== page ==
With a sparkle in her eye as bright as the bejeweled buttons on her fringe jacket, Wanda Jackson’s January 27th show at City Winery Atlanta proved that this legendary lady, often hailed as the Queen of Rockabilly, still wears the crown.

For those unfamiliar with Ms. Jackson (who unfortunately did not receive the press she deserved in her 1950s and ’60s youth), below is a video of her playing her self-penned 1958 song “Mean Mean Man,” a rare rock song from a woman’s perspective. As Jackson states “they weren’t writing a lot of rock and roll songs for girls in the ’50s, probably because I was the only one.” Watch her wield her guitar and rock with the best of ’em.  The mainstream music industry of the time did not know what to do with a female singer with such a wild voice and shimmying fringe dresses:


If  Ms. Jackson’s growling voice and raw sex appeal proved “too much” for mid-century America and consequently flew under the radar, she receives her due in the 21st century.  Now considered one of the greats along with Elvis, Buddy Holly, and Jerry Lee Lewis, as well as her few female counterparts like Brenda Lee, Ms. Jackson has gained quite a following.  Her classic songs resurfaced during the rockabilly revival of the 1980s as bands like The Cramps covered them.  More recently, Jack White of the White Stripes produced “The Party Ain’t Over” in 2011 featuring Ms. Jackson covering beloved songs old and new including The Guess Who’s “Shakin’ All Over” and Amy Winehouse’s “You Know I’m No Good” that reached new audiences.  At Atlanta City Winery the packed house and diverse and fervent crowd of Jackson’s fans spoke for her popularity itself.


The stage was set with various instruments including a drum kit featuring Jackson’s glamorous big-haired visage.  Her band, including two guitarists, a bass player, a drummer, and a keyboardist, came out first, playing instrumentals from Ms. Jackson’s 1950s and ’60s heyday including Link Wray’s iconic “Rumble.”Then, as the audience watched with baited breath, the Queen herself stepped onto the stage, escorted by her granddaughter, Jordan, in a hot pink fringed jacket a nod to her figure-hugging fringe dresses of the past.  Without much further ado, Ms. Jackson and her band burst into raucous song.  Below is Jackson’s 1960 version of the classic “Riot in Cell Block # 9.”  So much stage presence!

Born in 1937 in Maud, Oklahoma, she now calls Oklahoma City her home.  As a fellow Oklahoma native, I took an especial affinity to Ms. Jackson when I learned of her origin several years ago.  Discovered at age fifteen  in Oklahoma City, she would go on to tour with a certain “tall, good-looking single man” unlike anyone she knew in Oklahoma.  This gentleman had long hair for his time, wore a yellow sport coat, and drove a pink Cadillac.   He happened to be none other than Elvis Presley, whom Ms. Jackson toured with and dated and who played a pivotal role in her career when he convinced her to play rock and roll instead of pure country.  See her fierce version of Presley’s “Hard-Headed Woman,” which  compared to Presley’s version, sounds utterly ferocious.  Notice her classic sense of humor in the description of “Hard Headed Woman” as a “love song”:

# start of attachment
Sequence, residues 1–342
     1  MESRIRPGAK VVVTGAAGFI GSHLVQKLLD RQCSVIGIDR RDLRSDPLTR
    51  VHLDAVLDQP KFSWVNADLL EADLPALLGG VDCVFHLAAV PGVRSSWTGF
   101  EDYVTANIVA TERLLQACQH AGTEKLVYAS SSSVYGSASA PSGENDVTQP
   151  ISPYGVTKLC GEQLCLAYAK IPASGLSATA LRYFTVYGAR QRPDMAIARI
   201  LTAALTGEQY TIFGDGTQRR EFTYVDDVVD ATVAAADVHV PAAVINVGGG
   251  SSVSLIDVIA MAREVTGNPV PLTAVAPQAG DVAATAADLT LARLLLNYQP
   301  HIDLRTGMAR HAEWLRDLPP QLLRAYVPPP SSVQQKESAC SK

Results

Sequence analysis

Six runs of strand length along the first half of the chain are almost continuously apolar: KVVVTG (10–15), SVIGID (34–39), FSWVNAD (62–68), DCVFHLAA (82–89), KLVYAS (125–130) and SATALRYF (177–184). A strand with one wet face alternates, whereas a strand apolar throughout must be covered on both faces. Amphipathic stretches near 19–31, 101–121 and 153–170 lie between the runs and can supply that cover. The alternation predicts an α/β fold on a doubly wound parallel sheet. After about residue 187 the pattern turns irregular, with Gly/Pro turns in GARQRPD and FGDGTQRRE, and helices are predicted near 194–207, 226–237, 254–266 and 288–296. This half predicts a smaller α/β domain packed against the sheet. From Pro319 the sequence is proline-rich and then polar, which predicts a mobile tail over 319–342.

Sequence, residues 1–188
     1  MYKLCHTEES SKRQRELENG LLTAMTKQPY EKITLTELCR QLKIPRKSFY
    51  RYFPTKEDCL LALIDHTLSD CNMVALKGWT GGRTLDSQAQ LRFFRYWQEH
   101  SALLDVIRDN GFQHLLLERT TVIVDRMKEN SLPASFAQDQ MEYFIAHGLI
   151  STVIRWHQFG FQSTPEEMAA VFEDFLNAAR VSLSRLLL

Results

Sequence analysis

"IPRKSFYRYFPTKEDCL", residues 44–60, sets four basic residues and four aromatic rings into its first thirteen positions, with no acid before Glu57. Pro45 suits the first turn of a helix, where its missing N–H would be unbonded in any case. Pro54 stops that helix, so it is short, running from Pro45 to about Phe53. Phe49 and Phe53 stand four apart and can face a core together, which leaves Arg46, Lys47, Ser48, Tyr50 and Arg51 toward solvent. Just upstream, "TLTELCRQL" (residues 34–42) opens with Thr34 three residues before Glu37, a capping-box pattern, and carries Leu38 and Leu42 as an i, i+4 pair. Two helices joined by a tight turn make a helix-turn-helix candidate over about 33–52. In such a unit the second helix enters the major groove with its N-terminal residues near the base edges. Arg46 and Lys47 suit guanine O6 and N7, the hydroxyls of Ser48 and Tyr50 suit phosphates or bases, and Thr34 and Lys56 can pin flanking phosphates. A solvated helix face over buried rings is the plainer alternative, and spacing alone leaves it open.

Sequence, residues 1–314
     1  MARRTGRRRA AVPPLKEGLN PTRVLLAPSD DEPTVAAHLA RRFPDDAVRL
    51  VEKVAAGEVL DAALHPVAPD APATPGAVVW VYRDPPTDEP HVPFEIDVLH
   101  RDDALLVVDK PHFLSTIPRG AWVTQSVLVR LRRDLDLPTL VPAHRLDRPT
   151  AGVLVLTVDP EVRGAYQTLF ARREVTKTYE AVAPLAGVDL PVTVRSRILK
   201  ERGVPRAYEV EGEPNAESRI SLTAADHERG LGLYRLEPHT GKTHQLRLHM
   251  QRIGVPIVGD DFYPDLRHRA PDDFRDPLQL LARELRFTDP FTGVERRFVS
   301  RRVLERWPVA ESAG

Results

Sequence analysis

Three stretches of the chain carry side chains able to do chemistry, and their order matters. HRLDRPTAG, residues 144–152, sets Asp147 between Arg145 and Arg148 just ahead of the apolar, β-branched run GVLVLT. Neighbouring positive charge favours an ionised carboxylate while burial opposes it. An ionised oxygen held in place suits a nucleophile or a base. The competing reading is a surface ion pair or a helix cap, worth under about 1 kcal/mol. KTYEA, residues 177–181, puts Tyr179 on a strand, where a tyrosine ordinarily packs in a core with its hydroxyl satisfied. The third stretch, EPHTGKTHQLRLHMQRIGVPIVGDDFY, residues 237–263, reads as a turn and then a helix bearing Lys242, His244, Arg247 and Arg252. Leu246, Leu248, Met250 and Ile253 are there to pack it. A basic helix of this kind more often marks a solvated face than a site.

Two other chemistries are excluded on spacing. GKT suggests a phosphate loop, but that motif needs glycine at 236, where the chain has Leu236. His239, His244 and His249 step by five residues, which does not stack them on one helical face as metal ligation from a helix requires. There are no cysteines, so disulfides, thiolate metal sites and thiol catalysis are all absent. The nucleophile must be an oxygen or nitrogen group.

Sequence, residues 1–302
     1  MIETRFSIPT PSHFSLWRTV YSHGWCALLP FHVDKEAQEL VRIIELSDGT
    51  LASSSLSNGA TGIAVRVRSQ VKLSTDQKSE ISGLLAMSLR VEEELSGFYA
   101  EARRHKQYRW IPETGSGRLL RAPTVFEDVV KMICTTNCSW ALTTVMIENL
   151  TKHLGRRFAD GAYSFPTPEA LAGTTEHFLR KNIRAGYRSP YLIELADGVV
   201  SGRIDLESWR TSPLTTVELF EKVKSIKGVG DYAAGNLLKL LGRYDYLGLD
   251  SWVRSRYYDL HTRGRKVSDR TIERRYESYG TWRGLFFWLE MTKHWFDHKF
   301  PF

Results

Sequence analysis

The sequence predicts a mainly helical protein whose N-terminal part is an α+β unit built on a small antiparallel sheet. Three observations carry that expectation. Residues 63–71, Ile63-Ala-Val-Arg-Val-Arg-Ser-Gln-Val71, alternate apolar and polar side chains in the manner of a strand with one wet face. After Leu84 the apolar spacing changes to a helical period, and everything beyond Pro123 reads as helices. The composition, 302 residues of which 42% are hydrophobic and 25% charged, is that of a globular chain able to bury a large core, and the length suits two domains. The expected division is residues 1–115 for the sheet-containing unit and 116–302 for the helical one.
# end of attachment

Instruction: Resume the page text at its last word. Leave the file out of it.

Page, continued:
“Funnel of Love,” doubtlessly inspired by the infamous funnel clouds known to touch down on the Oklahoma plains, has a lush minor sound that gives a sensation of gently tumbling and spinning. English soul singer Adele cites the song as a major inspiration, and while Ms. Jackson does not see the connection between the two songs herself, Adele informed her that if she hadn’t heard Jackson’s “Funnel of Love,” she never would have written her hit “Rolling in the Deep”:

The aggressive rock song “Fujiyama Mama,” was a surprising number-one hit in Japan in 1959, even with its references to Hiroshima and Nagasaki, while it failed to chart in America even though as Ms. Jackson states “we won that war.”  No man-or woman for that matter- would want to mess with her after hearing it:


One of the last songs of the night was a cover of Hank Williams’ “I Saw the Light,” an homage to her 1971  calling to born-again Christianity at a time when she felt unhappy and unfulfilled.  While not everyone in the audience may have shared the same religious views, Ms. Jackson had so many clapping along nonetheless, moved by her infectious spirit.

Not only did the concert showcase Ms. Jackson’s perennial talent and wicked sense of humor, it also provided a great in-depth look into her life as she willingly gave a notebook’s worth of biographical information that tied in neatly with each of her songs.  I am heartened to see that Wanda is receiving her credit as the fearless pioneer of the early days of rock, and a female nonetheless.  A Wanda Jackson show is a must-see for music historians, early rock fans, and female musicians alike!

Thank you for reading!